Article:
Intrauterine insemination with donor sperm: only the number of motile spermatozoa inseminated influences both pregnancy and live-birth rates
Marie Cardey-Lefort1, Berengere Ducrocq1, Audrey Uk1, Helen Behal2, Anne-Laure Barbotin1, Geoffroy Robin3
1 Reproductive Biology Institute, Lille University Hospital, Lille F-59037, France
2 Lille University, Lille University Hospital, ULR 2694 - METRICS, Lille F-59000, France
3 Endocrine Gynecology and Reproductive Medicine Unit, Lille University Hospital, Lille F-59037, France
Correspondence: Dr. M Cardey-Lefort (firstname.lastname@example.org)
Intrauterine insemination with donor sperm (IUI-D) is an assisted reproductive technology (ART) offered to couples with definitive male infertility or risk of genetic disease transmission. Here, we sought to evaluate our practice in IUI-D and identify factors that influenced the success rate. We performed a retrospective, single-center study of all IUI-D procedures performed at Lille University Medical Center (Lille, France) between January 1, 2007, and December 31, 2017. Single and multivariate analyses with a mixed logistic model were used to identify factors associated with clinical pregnancies and live births. We included 322 couples and 1179 IUI-D procedures. The clinical pregnancy rate was 23.5%, and the live birth rate was 18.9% per IUI-D. In a multivariate analysis, the women's age was negatively associated with the live birth rate. The number of motile spermatozoa inseminated was the only factor associated with both clinical pregnancies and live births, with a chosen threshold of 0.75 million. The clinical pregnancy and live birth rates were, respectively, 17.3% and 13.0% below the number of motile spermatozoa inseminated threshold and 25.9% and 21.0% at or above the threshold (all P = 0.005). The number of motile spermatozoa inseminated was the only factor that significantly influenced both pregnancies and live-birth rates after IUI-D. Indeed, below a threshold of 0.75 million motile spermatozoa inseminated, those rates were significantly lower. Application of this number of motile spermatozoa inseminated threshold may help centers to allocate donations more effectively while maintaining reasonable waiting times for patients.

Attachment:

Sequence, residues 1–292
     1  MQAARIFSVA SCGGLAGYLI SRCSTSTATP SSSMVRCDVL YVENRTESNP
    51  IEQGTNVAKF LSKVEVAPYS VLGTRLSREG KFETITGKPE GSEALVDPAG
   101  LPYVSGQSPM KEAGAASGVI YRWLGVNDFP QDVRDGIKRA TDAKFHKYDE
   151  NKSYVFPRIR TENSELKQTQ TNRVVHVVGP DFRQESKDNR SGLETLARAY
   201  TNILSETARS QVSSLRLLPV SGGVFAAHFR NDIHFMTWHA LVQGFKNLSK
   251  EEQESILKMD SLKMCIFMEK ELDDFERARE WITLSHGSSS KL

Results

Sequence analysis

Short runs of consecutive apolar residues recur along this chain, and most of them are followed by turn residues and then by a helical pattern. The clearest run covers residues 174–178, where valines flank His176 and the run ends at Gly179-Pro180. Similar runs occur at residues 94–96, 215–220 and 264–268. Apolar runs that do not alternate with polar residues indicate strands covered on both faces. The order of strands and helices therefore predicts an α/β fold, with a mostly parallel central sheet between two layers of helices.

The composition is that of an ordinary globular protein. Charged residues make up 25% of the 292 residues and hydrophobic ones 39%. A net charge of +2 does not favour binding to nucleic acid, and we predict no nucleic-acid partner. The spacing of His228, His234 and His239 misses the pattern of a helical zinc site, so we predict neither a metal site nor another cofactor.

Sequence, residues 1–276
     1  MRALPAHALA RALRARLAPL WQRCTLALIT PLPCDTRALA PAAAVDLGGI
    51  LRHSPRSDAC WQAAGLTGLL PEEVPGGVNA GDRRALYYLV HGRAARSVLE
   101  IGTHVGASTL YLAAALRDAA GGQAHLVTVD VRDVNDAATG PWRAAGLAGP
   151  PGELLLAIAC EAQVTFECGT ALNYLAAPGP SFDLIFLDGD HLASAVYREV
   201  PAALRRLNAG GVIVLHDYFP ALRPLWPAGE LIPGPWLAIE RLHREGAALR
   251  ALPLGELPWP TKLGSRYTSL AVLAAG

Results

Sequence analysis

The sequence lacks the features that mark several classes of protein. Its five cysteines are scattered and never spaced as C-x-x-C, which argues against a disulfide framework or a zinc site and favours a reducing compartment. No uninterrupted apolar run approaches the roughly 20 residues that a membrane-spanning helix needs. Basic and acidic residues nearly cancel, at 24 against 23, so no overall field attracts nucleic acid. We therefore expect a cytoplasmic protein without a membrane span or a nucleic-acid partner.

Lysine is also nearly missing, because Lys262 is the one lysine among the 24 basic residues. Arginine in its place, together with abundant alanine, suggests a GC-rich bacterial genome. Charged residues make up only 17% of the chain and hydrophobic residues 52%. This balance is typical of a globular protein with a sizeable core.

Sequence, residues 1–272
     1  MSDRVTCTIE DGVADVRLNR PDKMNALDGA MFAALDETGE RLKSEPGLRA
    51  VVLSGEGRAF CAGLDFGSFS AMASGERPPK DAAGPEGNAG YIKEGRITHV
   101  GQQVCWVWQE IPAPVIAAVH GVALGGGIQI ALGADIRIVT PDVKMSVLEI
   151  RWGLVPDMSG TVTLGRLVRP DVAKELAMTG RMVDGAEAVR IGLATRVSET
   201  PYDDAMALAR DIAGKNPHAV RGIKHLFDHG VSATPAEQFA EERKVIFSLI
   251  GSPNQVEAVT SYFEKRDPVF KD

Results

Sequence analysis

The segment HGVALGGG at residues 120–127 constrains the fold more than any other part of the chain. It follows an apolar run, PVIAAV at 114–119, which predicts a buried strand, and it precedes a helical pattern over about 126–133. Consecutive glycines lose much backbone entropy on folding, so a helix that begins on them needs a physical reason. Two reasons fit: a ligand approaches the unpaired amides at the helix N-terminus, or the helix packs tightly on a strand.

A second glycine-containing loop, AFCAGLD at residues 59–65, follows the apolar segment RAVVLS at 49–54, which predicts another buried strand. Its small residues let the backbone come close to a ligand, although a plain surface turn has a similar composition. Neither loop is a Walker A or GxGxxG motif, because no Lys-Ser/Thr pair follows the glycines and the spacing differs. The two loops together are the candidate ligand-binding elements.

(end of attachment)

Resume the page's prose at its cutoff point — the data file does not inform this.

Keywords: intrauterine insemination; male infertility; number of motile spermatozoa inseminated; sperm donor